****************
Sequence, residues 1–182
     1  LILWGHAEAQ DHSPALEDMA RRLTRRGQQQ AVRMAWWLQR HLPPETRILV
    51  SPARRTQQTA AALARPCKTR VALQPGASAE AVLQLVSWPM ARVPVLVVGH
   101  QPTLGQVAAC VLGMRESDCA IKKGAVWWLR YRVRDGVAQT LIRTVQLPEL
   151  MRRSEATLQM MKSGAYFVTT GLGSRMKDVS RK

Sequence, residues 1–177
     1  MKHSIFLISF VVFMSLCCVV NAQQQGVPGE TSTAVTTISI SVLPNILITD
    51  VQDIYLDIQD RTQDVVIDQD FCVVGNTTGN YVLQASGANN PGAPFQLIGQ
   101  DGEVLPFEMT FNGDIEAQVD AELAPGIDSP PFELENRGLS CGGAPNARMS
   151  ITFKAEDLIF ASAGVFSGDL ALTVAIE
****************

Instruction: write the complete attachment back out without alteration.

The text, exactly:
Sequence, residues 1–182
     1  LILWGHAEAQ DHSPALEDMA RRLTRRGQQQ AVRMAWWLQR HLPPETRILV
    51  SPARRTQQTA AALARPCKTR VALQPGASAE AVLQLVSWPM ARVPVLVVGH
   101  QPTLGQVAAC VLGMRESDCA IKKGAVWWLR YRVRDGVAQT LIRTVQLPEL
   151  MRRSEATLQM MKSGAYFVTT GLGSRMKDVS RK

Sequence, residues 1–177
     1  MKHSIFLISF VVFMSLCCVV NAQQQGVPGE TSTAVTTISI SVLPNILITD
    51  VQDIYLDIQD RTQDVVIDQD FCVVGNTTGN YVLQASGANN PGAPFQLIGQ
   101  DGEVLPFEMT FNGDIEAQVD AELAPGIDSP PFELENRGLS CGGAPNARMS
   151  ITFKAEDLIF ASAGVFSGDL ALTVAIE